"They are what you really care for." He spoke huskily; his voice sounded thick and uncertain in his ears. "That and—and your wonderful dancing, and applause—and success and money. It's natural that you should—but it all makes me realize—clearly, that I can't even try to force myself into your life. There's no place for me. Even—even if you were kind—you sometimes seem to—to—to suggest that you would be—I'd be just a useless cog, soon to be dropped. It's all complete without me. But, for God's sake, I'm begging you, I'm begging you, Pearl, not to be kind to me for the rest of the time that we're here together."

"And what about me?" she flashed. "You've thought everything out from your own side, and you've just been telling it. Don't you think I've got a side, too? I guess so."

He looked at her in surprise, the emotion that had changed and broken his expression fading into wonderment and puzzle.

"What do you mean?" he asked.

"Kiss me, and I'll show you," she said audaciously. All the allurement, the softness and sweetness of the south was in her mouth and eyes.

"How can we go on like this?" His voice was a mere broken whisper. He yearned to her, leaned toward her, and yet refrained from holding her.

"Like this," she murmured, and threw her arms about him and laid her head on his heart, her face upturned to his.

"I told you"—so close was she held that she scarcely knew that she was breathing—"I told you—that if I once held you in my arms I'd never let you go."

"You may have told yourself; you never told me before. But I'm content."

"Content! That's no word for this," he cried between kisses. The mounting tide he had feared had become a mighty torrent sweeping away all his carefully built up mental barriers, and with that obliterating flood came a sense of power and freedom. All the youth in his heart rose and claimed its share of life and love and happiness.

"Let me go," she said at last, and drew away from him, flushed as a dawn and rapturous as a sunrise.

"No, never again," and stretched out his arms, but she slipped behind the table, putting it between them. "Sit down," she commanded, "and build up the fire. I want to talk, talk a long time, all night maybe."

"I hope so," he said ardently, and, obeying her, stooped to place fresh logs on the embers. "But what is there to talk about? We've said and will continue to say all there is in the world worth saying. I love you. Do you love me?"

"Maybe you won't want to say that after you've heard me." She had leaned forward, her arms on her knees, her eyes on the flames which leaped from dry twig to dry twig of the burning logs and on the shower of sparks which every minute or so swept up the chimney.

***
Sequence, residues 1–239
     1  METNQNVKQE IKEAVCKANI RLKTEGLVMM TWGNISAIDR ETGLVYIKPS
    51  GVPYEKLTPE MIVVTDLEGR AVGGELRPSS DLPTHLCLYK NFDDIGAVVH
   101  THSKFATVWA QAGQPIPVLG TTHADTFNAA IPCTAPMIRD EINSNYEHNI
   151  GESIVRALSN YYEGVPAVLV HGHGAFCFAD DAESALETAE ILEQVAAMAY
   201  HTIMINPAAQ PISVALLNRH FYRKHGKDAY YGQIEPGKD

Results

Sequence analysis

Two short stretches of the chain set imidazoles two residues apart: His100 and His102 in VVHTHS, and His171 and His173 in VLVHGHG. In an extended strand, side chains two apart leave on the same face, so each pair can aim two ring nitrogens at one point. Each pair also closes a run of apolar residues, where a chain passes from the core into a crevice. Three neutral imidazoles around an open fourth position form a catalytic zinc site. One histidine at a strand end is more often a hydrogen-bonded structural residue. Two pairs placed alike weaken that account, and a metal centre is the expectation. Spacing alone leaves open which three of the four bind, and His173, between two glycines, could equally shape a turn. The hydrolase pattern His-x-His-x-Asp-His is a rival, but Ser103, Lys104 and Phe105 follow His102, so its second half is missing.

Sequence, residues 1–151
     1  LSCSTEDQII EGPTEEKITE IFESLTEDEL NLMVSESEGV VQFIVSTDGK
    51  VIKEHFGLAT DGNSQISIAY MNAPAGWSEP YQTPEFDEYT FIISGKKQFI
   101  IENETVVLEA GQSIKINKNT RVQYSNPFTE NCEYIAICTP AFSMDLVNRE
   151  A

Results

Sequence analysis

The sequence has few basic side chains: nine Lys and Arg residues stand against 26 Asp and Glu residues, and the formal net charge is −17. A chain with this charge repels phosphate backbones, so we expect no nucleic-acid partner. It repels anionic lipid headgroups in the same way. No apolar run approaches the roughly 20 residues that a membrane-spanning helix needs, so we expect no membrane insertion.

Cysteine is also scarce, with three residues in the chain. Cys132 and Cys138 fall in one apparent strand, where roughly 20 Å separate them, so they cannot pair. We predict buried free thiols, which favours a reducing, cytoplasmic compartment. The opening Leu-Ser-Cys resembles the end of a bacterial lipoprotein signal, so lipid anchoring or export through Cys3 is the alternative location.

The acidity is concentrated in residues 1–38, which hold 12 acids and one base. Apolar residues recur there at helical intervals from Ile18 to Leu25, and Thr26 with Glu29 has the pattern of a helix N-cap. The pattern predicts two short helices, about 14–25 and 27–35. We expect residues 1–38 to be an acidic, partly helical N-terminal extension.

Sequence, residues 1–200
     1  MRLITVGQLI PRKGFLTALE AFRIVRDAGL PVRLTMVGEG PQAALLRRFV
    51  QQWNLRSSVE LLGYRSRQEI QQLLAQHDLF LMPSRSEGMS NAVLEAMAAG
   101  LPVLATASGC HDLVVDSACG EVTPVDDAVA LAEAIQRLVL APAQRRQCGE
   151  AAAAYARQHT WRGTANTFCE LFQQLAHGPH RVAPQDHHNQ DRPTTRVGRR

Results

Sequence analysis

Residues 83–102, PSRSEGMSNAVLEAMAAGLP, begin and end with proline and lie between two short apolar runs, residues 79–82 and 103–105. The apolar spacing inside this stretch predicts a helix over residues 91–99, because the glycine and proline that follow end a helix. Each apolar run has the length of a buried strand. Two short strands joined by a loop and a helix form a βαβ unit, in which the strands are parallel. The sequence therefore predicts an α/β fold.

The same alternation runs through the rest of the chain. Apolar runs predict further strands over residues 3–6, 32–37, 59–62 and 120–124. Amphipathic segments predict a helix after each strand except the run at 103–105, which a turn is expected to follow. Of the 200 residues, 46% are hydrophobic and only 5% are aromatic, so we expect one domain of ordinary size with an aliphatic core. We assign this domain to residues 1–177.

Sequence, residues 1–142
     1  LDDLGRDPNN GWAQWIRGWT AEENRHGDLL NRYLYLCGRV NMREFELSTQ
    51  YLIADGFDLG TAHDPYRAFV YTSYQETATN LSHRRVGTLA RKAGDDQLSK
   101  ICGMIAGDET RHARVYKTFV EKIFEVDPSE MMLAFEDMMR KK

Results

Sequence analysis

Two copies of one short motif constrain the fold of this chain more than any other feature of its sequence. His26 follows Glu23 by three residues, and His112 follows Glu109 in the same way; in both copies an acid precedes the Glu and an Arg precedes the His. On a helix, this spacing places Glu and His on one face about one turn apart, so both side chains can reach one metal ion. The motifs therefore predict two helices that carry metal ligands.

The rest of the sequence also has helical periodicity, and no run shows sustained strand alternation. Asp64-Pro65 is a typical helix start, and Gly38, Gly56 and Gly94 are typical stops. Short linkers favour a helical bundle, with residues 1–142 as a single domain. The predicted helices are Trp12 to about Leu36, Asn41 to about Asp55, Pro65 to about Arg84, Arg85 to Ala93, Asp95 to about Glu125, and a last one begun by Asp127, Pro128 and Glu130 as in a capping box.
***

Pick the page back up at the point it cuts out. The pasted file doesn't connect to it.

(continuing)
"You hit it off pretty well when you said that all I really cared for was money and jewels and my dancing and the big audiences and all that." Her eyes had narrowed so that the gleaming light that shone through her lashes was like a mere line of fire. "You see, I got to play the game. I got to. Nothing but winning and winning big ever's going to suit me. I saw that when I was awful young. I sort of looked out on life and it seemed to me that most people spent their lives like flies, flying around a while without any purpose, trying to buzz in the sun if they could, and by and by dropping off the window pane."

"Nothing but winning will suit you," he said drearily. "You are only repeating what I told you." All the life, the passion had gone out of his voice. "And I'm no prize, heaven knows!"

"I ain't through yet," she said. "I never did talk much. I guess I'm going to talk more to-night than I ever talked in my life, but I always saw everything that was going on around me, and it didn't take me long to make out that all you'll get in life is a kick and a crust if you haven't got some kind of power in your hands."

"God, you're hard, hard as iron!" The room rang with the echoes of his mirthless laughter. "Five, three minutes ago, you were in my arms, soft, yielding, trembling, giving me back kiss for kiss, and now you sit there expounding your merciless philosophy."

"It ain't me that's merciless," she returned, apparently unmoved, "it's life. You think my dancing's great, so does everybody; so it is. Well, it didn't grow. I made it." Here she lifted her head with pride, and folded her arms on her chest. "Maybe you don't think it took some training. Maybe you don't think it took some will and grit when I was a little kid to keep right on at my exercises when I ached so bad that the tears would run down my cheeks all the time I was at them. My mother knew that you had to begin young and keep at 'em all the time, but mom never would have had the nerve to keep me to it. She used often to cry with me.

"When I was a girl I'd liked to have had a good time, just in that careless way like other girls, but I gave that up, too, so's I could work at my dancing. When I'd get tired and blue I'd look at the stones I'd begun to collect with the money I'd earned. I'm hard, yes, I guess you're right. I guess you got to have a streak of hardness in you to be one of the biggest dancers in the world, or to be the biggest anything, but"—here she ran across the room and was down on her knees beside his chair—"I'm not hard any longer. Those jewels there," pointing to the table behind her, "they don't mean a thing to me any longer, nor my dancing, either, nor money, nor applause, nor anything in the world but you."